Daily Words of Wisdom
So stressed you could scream? This simple strategy can take you from panic to peace in a single phrase.
By Beth Levine
So stressed you could scream? This simple strategy can take you from panic to
peace in a single phrase.
We all know what it's like to be on the brink of losing it. Overstuffed
schedules, the competing demands of family and work, the sting of setbacks and
disappointments, and the trauma of a troubled economy can gang up to push us
near the edge of the ledge. But a surprisingly easy and effective technique can
help us avert meltdown. Repeating a positive, personal phrase — a meaningful
motto minted from life experience, plucked from a favorite book or movie, or
borrowed from a role model — can refocus our priorities, remind us that we're
competent and capable, calm us down, and propel us forward. Exhausted runners
call these affirmations "marathon mantras" and repeat them during grueling
stretches when they're on the verge of quitting. This strategy can work for
anyone; Herbert Benson, M.D., director emeritus of the Benson-Henry Institute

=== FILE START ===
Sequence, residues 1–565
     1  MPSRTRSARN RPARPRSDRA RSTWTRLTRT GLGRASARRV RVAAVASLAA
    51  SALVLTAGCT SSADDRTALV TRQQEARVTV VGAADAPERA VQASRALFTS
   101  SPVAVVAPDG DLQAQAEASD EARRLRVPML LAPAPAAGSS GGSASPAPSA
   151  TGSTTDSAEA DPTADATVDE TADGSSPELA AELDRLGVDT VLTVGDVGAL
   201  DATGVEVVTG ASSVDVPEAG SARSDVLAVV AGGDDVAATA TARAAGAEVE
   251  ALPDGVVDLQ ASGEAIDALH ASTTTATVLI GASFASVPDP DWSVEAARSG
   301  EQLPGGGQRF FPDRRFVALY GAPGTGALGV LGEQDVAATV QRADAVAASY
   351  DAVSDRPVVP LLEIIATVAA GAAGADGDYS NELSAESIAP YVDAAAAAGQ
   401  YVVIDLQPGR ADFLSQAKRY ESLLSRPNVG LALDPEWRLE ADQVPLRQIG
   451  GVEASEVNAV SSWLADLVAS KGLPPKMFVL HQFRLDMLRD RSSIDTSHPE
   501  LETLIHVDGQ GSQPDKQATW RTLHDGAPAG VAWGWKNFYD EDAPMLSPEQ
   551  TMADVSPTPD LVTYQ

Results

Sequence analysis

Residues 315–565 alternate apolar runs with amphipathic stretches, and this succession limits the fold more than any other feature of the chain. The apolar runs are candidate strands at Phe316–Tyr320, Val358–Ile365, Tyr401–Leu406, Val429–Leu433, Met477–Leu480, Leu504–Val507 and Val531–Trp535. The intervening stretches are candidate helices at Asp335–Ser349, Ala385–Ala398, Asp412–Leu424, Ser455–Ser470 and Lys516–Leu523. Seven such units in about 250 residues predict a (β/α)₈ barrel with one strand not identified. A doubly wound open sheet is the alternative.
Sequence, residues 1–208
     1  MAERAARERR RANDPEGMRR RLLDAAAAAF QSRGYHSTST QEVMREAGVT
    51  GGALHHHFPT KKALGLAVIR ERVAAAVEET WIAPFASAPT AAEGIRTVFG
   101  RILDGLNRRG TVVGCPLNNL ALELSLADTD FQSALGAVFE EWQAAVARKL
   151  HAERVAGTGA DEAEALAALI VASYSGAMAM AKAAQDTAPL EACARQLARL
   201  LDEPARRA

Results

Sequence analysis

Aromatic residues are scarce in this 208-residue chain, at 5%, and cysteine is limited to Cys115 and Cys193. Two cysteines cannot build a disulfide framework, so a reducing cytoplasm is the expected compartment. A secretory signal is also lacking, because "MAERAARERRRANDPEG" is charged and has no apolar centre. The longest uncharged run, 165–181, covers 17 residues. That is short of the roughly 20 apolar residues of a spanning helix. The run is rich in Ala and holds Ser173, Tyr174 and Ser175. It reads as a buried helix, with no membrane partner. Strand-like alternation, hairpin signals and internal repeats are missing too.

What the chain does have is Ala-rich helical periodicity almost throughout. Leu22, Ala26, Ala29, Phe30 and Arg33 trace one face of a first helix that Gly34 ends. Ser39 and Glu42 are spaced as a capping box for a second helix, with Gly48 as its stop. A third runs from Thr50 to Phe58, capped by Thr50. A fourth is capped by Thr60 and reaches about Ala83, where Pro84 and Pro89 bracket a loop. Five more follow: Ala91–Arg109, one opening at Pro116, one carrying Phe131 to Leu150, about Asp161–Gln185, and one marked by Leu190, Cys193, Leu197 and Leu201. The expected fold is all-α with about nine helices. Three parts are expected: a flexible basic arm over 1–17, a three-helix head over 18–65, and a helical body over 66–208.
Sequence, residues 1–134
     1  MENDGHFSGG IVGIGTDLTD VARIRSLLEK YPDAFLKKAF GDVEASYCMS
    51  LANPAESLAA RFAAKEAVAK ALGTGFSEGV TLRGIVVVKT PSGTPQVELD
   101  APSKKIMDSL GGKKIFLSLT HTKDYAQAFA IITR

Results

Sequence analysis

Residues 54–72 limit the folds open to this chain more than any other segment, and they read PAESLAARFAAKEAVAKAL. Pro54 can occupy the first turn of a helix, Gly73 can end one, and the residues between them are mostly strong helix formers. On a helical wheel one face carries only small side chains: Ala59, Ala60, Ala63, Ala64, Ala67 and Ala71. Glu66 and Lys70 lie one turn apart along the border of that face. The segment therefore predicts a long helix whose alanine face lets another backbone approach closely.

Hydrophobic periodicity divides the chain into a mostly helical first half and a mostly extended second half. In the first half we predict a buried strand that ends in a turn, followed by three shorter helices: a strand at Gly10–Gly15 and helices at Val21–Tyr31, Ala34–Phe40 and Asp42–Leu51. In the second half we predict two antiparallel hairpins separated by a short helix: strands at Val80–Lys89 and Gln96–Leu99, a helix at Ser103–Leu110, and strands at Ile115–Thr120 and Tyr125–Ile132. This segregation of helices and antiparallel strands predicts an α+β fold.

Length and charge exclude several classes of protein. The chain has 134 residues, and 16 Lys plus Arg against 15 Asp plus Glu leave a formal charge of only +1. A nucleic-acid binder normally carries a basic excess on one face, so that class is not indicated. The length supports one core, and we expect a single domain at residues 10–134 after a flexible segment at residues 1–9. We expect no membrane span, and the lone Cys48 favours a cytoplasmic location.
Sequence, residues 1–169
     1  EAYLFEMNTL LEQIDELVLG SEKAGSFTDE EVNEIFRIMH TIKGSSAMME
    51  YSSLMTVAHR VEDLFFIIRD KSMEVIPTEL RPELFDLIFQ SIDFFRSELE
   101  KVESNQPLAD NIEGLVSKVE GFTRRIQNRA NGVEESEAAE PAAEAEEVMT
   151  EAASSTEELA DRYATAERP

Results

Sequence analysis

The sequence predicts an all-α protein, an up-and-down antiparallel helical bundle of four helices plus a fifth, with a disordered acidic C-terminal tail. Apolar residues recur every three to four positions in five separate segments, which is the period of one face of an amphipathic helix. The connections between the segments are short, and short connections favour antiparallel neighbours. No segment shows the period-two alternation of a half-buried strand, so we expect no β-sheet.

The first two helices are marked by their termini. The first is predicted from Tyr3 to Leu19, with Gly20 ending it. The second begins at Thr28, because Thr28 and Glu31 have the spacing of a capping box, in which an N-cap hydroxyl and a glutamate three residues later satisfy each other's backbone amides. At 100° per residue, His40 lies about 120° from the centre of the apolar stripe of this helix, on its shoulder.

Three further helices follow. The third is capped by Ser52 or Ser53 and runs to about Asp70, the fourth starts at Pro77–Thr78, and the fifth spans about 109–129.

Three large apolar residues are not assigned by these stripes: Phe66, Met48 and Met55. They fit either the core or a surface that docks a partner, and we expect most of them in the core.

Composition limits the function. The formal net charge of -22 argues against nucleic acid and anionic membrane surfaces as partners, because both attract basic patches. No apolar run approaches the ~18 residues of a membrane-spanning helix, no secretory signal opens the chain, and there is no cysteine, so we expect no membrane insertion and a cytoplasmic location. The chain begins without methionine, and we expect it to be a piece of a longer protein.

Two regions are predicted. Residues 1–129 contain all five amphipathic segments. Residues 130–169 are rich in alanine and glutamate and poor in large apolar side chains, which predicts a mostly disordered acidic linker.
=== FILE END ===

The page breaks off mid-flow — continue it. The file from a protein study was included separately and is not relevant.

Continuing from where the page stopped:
for Mind Body Medicine in Boston, recommends it for lowering stress in everyday
life. Repeating a meaningful phrase, he says, breaks the train of anxious
thought. Research suggests that the technique can rewire some anxiety circuits
in the brain.
We asked women across the country what words of wisdom they summon to
restore perspective when they're about to spiral out of control. Borrow theirs
or, better yet, coin your own.
When life looks like it's falling apart, it may just be falling in place
—Beverly Solomon, 55, Lampasas, TX; creative director
"When my husband and I left Houston to restore an 1856 ranch in the Texas
Hill Country, it seemed like everything that could possibly go wrong did. I was
starting to have doubts about our decision. But then I realized that all of
these 'bad things' had to happen — and this affirmation came to me. Now I say
it to myself whenever something upsetting happens."
Will this matter five years from now? No? Then get over it.
—Hali Chambers, 45, Luray, VA; massage therapist
"I use it whenever little disasters stress me out — I miss an important
phone call, say — or if someone cuts me off while driving. It helps me keep
perspective on what's important: family, friends, staying centered."